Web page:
Solar by Ian McEwan
Ian McEwan excels at climate science but his one-dimensional protagonist makes you shudder.
The Observer, March 14th 2010
The Last Bachelor by Jay McInerney
Jay McInerney's bright lights may have been dimmed but sex in the city remains a constant source of satire, writes Jason Cowley.
The Observer, January 11th 2009
Outliers by Malcolm Gladwell
In investigating what sets geniuses apart, is Malcolm Gladwell also asking what makes him so special, wonders Jason Cowley.
The Observer, November 23rd 2008
Indignation by Philip Roth
Philip Roth's astounding and sustained period of late creativity has been notable for one unifying preoccupation: death.
The Observer, September 14th 2008
What I Talk About When I Talk About Running by Haruki Murakami
It's clear that for Murakami, running has a moral dimension.
The Observer, August 10th 2008
When a Crocodile Eats the Sun by Peter Godwin
Peter Godwin's desire to chronicle the breakdown of Zimbabwe in When a Crocodile Eats the Sun, suffers from his reluctance to spend time in the country he calls home, says Jason Cowley.
The Observer, March 4th 2007
House of Stone by Christina Lamb
Christina Lamb tells the true story of a white farmer and his black servant before and after Mugabe in her illuminating and flawed House of Stone, says Jason Cowley.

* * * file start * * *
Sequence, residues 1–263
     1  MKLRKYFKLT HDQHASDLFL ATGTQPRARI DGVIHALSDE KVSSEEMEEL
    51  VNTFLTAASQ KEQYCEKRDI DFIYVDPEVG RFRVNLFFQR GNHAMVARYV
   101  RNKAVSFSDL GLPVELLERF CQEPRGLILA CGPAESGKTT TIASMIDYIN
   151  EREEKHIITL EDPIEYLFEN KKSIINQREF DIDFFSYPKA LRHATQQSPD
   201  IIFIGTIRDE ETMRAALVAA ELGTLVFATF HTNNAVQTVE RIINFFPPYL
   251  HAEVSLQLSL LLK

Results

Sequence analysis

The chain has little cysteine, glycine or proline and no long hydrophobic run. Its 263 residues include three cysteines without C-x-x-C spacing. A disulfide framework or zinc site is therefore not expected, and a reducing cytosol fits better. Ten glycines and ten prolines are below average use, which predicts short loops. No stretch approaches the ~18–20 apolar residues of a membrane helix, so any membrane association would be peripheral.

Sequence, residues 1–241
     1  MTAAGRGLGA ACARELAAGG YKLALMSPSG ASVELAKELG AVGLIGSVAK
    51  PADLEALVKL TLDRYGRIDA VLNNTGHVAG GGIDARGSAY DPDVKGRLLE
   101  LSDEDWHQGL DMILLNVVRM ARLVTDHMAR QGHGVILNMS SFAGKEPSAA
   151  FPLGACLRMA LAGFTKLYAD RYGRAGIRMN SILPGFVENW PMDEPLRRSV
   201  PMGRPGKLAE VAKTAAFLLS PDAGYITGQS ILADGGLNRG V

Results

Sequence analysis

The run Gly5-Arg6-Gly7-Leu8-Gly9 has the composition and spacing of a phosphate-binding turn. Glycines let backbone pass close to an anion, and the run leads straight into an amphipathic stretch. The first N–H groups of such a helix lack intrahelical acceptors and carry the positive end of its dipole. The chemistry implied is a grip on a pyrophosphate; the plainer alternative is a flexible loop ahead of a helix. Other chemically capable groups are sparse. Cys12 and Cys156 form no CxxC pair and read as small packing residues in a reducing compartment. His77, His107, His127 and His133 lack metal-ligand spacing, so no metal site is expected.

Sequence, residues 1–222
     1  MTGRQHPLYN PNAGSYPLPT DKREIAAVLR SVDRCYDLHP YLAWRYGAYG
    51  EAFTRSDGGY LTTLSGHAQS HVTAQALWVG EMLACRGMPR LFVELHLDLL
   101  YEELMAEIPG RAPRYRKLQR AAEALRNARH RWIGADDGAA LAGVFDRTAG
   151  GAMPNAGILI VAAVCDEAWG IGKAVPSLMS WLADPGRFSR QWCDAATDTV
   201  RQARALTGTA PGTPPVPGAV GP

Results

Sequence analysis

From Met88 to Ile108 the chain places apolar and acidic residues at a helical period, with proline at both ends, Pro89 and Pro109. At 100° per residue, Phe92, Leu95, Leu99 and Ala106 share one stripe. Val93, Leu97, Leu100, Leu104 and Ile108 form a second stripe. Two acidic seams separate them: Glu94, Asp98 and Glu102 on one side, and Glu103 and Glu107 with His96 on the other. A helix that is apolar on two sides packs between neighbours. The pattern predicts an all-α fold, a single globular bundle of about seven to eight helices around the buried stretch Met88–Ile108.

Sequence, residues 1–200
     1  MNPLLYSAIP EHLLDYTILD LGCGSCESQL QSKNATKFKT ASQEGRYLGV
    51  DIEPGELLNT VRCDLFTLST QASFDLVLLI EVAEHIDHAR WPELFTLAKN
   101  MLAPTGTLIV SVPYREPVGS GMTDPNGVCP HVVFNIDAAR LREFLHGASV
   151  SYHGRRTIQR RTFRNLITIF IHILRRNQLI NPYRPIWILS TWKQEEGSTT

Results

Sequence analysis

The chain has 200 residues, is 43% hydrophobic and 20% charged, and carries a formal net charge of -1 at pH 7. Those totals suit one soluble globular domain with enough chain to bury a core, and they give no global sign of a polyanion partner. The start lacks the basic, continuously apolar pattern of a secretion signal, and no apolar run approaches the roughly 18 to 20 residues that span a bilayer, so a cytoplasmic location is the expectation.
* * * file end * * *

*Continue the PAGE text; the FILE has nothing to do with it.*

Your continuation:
The Observer, May 14th 2006
My Life in the Bush of Ghosts by Brian Eno and David Byrne
The first crossing of intelligent pop with strange samples still startles, writes Jason Cowley.
The Observer, March 19th 2006
Aerial by Kate Bush
She's still deep, if occasionally unfathomable. Jason Cowley delights in an alchemist's return.
The Observer, October 16th 2005
Shalimar the Clown by Salman Rushdie
Salman Rushdie vividly explores our post-9/11 world in Shalimar the Clown, says Jason Cowley.
The Observer, September 11th 2005
The Fight by Norman Mailer
The leading character in Mailer's thrilling account of the 1974 world heavyweight boxing championship in Kinshasa - the Rumble in the Jungle - is not Muhammad Ali, as you would expect, or even his ferocious rival George Foreman, then thought by many to be unbeatable. It is not Don King... No, the main character is Norman Mailer, naturally enough.
The Observer, May 8th 2005
A Jealous Ghost by AN Wilson
AN Wilson is the latest author to succumb to the allure of Henry James in A Jealous Ghost. Why does he keep writing fiction, asks Jason Cowley.
The Observer, April 10th 2005
Campo Santo by WG Sebald
WG Sebald's last book, Campo Santo, offers further proof of his rare gift for tackling Germany's pain, says Jason Cowley
The Observer, February 27th 2005
In Dreams Begin Responsibilities and Other Stories by Delmore Schwarz
Delmore Schwartz's precociously brilliant account of an ill-fated courtship, In Dreams Begin Responsibilities, was the peak of his career.
The Observer, May 4th 2003
Fragrant Harbour by John Lanchester
John Lanchester 's powers of pastiche remain undiminished in his new novel: Fragrant Harbour.
The Observer, June 30th 2002
Youth by JM Coetzee
Coetzee's gloomy hero questions life's meaning in his new novel Youth, but to little purpose.
The Observer, April 21st 2002
Don't Let's Go to the Dogs Tonight by Alexandra Fuller
A memoir from Alexandra Fuller and a study from Martin Meredith give a timely and frightening reminder of Zimbabwe's descent into anarchy.
The Observer, February 24th 2002
Something to Declare by Julian Barnes
Julian Barnes 's love affair with France is based on a wilful fantasy.
The Observer, January 6th 2002